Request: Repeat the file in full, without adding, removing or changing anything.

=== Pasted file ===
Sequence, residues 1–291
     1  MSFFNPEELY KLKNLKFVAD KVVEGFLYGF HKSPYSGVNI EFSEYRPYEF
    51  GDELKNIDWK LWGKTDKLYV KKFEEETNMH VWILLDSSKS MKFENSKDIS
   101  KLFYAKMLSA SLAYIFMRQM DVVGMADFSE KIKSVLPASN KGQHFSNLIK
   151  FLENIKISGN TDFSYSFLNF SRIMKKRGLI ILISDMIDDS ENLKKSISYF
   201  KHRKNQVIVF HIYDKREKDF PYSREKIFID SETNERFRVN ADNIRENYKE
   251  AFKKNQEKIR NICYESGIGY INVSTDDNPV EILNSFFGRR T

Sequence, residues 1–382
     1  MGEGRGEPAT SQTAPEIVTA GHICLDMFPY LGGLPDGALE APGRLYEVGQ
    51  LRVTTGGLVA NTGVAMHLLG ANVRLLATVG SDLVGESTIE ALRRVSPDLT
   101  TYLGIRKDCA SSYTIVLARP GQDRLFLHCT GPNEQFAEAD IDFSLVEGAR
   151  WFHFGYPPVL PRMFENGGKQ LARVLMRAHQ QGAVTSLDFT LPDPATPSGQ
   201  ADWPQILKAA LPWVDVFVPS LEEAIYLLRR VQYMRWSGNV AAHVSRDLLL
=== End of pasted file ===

Sequence, residues 1–291
     1  MSFFNPEELY KLKNLKFVAD KVVEGFLYGF HKSPYSGVNI EFSEYRPYEF
    51  GDELKNIDWK LWGKTDKLYV KKFEEETNMH VWILLDSSKS MKFENSKDIS
   101  KLFYAKMLSA SLAYIFMRQM DVVGMADFSE KIKSVLPASN KGQHFSNLIK
   151  FLENIKISGN TDFSYSFLNF SRIMKKRGLI ILISDMIDDS ENLKKSISYF
   201  KHRKNQVIVF HIYDKREKDF PYSREKIFID SETNERFRVN ADNIRENYKE
   251  AFKKNQEKIR NICYESGIGY INVSTDDNPV EILNSFFGRR T

Sequence, residues 1–382
     1  MGEGRGEPAT SQTAPEIVTA GHICLDMFPY LGGLPDGALE APGRLYEVGQ
    51  LRVTTGGLVA NTGVAMHLLG ANVRLLATVG SDLVGESTIE ALRRVSPDLT
   101  TYLGIRKDCA SSYTIVLARP GQDRLFLHCT GPNEQFAEAD IDFSLVEGAR
   151  WFHFGYPPVL PRMFENGGKQ LARVLMRAHQ QGAVTSLDFT LPDPATPSGQ
   201  ADWPQILKAA LPWVDVFVPS LEEAIYLLRR VQYMRWSGNV AAHVSRDLLL